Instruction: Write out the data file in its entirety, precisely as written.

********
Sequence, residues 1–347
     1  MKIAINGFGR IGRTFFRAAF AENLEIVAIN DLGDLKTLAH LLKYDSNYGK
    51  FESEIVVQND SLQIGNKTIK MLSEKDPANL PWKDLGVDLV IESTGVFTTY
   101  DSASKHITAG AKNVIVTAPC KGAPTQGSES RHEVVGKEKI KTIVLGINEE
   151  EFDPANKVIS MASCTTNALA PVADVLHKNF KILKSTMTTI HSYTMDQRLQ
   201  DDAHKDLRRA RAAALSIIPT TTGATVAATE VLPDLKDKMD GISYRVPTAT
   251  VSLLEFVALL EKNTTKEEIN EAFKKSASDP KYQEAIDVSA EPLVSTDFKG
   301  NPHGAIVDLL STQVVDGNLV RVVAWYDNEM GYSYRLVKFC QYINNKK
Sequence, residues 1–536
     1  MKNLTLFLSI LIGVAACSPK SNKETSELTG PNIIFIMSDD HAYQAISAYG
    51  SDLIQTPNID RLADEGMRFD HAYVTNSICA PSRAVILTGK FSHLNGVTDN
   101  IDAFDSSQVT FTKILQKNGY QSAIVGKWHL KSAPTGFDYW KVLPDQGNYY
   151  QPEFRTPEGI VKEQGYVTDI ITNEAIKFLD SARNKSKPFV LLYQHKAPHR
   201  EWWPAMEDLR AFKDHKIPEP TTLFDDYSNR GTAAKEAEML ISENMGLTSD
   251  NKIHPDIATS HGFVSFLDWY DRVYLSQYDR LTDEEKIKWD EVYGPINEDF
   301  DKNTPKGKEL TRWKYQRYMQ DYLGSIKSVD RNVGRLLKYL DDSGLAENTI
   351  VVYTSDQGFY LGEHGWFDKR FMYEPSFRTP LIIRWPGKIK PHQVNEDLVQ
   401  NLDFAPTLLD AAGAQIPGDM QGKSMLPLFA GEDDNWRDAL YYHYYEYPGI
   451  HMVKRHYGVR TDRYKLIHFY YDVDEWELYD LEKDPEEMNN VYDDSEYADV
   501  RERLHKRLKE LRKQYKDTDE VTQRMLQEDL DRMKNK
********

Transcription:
Sequence, residues 1–347
     1  MKIAINGFGR IGRTFFRAAF AENLEIVAIN DLGDLKTLAH LLKYDSNYGK
    51  FESEIVVQND SLQIGNKTIK MLSEKDPANL PWKDLGVDLV IESTGVFTTY
   101  DSASKHITAG AKNVIVTAPC KGAPTQGSES RHEVVGKEKI KTIVLGINEE
   151  EFDPANKVIS MASCTTNALA PVADVLHKNF KILKSTMTTI HSYTMDQRLQ
   201  DDAHKDLRRA RAAALSIIPT TTGATVAATE VLPDLKDKMD GISYRVPTAT
   251  VSLLEFVALL EKNTTKEEIN EAFKKSASDP KYQEAIDVSA EPLVSTDFKG
   301  NPHGAIVDLL STQVVDGNLV RVVAWYDNEM GYSYRLVKFC QYINNKK
Sequence, residues 1–536
     1  MKNLTLFLSI LIGVAACSPK SNKETSELTG PNIIFIMSDD HAYQAISAYG
    51  SDLIQTPNID RLADEGMRFD HAYVTNSICA PSRAVILTGK FSHLNGVTDN
   101  IDAFDSSQVT FTKILQKNGY QSAIVGKWHL KSAPTGFDYW KVLPDQGNYY
   151  QPEFRTPEGI VKEQGYVTDI ITNEAIKFLD SARNKSKPFV LLYQHKAPHR
   201  EWWPAMEDLR AFKDHKIPEP TTLFDDYSNR GTAAKEAEML ISENMGLTSD
   251  NKIHPDIATS HGFVSFLDWY DRVYLSQYDR LTDEEKIKWD EVYGPINEDF
   301  DKNTPKGKEL TRWKYQRYMQ DYLGSIKSVD RNVGRLLKYL DDSGLAENTI
   351  VVYTSDQGFY LGEHGWFDKR FMYEPSFRTP LIIRWPGKIK PHQVNEDLVQ
   401  NLDFAPTLLD AAGAQIPGDM QGKSMLPLFA GEDDNWRDAL YYHYYEYPGI
   451  HMVKRHYGVR TDRYKLIHFY YDVDEWELYD LEKDPEEMNN VYDDSEYADV
   501  RERLHKRLKE LRKQYKDTDE VTQRMLQEDL DRMKNK